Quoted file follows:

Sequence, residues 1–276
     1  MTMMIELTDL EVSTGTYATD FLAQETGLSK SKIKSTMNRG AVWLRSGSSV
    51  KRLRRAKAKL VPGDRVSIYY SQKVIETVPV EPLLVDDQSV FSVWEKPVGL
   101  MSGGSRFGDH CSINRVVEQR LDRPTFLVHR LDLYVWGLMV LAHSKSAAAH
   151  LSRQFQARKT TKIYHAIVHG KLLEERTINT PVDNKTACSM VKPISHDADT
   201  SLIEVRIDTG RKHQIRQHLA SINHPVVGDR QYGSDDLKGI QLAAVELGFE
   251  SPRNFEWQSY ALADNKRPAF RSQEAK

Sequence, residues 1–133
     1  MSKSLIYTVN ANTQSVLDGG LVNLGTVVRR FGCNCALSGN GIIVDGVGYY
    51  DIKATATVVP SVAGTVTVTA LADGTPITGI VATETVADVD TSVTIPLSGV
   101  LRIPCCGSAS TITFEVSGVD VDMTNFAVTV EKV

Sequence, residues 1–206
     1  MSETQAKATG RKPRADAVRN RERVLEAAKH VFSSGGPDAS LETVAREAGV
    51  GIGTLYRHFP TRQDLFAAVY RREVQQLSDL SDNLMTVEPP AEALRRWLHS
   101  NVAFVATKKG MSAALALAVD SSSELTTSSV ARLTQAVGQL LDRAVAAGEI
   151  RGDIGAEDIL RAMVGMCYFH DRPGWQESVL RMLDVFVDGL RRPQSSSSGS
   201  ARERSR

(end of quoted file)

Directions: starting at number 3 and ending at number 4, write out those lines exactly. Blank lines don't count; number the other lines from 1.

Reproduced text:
    51  KRLRRAKAKL VPGDRVSIYY SQKVIETVPV EPLLVDDQSV FSVWEKPVGL
   101  MSGGSRFGDH CSINRVVEQR LDRPTFLVHR LDLYVWGLMV LAHSKSAAAH